Lots of people have the mistaken impression that a VM is somehow different from a physical machine with respect to networking configuration. There are differences, but they're almost all explained by noting that the VM is connected to a "software switch" which, in the case of Hyper-V, is just like the unmanaged thing you might plug into your office Ethernet tap, allowing you to use several other machines in your office. Think of the VM host machine like your office. Think of the VMs like the machines in your office. That Linksys (or whatever) box in the corner is the VM switch. The tap in the wall is your host's physical port. (Your host probably has more than one physical port. Imagine an office with more than one tap.)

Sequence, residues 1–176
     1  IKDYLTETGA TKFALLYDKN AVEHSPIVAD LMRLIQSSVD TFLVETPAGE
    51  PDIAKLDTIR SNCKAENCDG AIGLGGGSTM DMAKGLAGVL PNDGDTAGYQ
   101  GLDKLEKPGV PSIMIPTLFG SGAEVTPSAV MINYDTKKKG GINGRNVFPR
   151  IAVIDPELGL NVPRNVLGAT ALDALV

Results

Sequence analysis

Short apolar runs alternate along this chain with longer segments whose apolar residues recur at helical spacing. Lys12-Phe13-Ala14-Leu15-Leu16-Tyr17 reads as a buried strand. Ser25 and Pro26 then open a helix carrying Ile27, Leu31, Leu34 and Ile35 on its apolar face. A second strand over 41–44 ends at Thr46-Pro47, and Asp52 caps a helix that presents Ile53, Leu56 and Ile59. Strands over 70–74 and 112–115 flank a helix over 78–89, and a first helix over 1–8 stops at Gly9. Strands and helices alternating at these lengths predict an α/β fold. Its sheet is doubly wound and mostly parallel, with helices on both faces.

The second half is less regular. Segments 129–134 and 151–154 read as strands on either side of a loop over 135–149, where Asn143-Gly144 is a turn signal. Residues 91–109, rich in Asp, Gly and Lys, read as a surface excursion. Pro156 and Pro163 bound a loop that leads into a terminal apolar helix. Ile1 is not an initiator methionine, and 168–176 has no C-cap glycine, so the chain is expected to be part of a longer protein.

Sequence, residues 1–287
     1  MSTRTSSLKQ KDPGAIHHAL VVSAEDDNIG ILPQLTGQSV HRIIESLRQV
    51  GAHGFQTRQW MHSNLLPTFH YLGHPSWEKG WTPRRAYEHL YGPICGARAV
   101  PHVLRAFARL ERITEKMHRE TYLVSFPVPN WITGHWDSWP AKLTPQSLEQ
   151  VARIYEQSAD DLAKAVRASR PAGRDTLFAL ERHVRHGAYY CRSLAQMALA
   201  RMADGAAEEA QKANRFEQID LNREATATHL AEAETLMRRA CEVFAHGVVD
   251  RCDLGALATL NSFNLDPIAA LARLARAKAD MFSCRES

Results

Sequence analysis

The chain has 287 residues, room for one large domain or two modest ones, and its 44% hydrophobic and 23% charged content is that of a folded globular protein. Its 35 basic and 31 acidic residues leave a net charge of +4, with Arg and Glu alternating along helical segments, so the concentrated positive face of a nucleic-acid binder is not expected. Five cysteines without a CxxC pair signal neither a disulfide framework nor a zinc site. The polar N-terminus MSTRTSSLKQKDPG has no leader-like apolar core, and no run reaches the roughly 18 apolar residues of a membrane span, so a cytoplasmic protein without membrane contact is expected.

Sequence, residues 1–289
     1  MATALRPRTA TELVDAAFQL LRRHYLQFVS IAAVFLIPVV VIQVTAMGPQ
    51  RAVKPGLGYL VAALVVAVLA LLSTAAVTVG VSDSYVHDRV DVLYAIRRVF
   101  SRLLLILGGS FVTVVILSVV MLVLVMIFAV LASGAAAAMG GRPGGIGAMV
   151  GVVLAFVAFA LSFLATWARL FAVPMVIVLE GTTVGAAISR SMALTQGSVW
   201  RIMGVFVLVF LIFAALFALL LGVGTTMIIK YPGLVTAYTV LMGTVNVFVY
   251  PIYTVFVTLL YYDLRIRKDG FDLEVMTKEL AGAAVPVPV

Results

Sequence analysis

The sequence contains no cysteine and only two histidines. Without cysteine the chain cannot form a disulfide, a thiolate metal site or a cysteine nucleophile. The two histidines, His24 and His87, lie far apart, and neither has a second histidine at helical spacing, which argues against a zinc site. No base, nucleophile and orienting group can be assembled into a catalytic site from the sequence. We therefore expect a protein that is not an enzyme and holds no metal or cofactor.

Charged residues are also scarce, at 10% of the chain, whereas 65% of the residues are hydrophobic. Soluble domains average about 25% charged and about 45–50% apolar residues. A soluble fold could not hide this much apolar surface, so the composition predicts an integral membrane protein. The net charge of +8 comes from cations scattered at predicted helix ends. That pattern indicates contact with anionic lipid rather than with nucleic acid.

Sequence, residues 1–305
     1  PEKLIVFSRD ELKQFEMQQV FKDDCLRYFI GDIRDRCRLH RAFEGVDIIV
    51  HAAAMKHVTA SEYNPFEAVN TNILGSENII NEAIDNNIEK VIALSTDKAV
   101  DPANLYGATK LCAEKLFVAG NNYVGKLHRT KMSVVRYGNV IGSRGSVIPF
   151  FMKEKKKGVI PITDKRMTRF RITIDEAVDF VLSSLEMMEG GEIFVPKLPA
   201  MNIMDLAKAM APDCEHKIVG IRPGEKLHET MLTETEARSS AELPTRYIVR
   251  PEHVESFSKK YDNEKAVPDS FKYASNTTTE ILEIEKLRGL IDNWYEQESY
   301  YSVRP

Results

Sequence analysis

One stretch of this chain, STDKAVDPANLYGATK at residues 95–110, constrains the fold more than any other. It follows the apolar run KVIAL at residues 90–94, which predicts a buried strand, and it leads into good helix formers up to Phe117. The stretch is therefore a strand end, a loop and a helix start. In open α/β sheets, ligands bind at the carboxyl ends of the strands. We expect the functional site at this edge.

So how do you set the subnet mask and gateway address of the machines in your office? Do you use some office management interface? No, you go to the machines and set them. (Actually, most people use DHCP for this. You might want to do that, too.) Manage the software configuration of the VMs from within the VMs. (Or use some automatic management suite like System Center.)
Now, of course, it doesn't matter if you put in the right gateway address and such if you attach the VM NIC to the wrong network. In my analogy, this amounts to making sure that your machine is plugged into the right tap in your office. This is something that is managed outside the VM.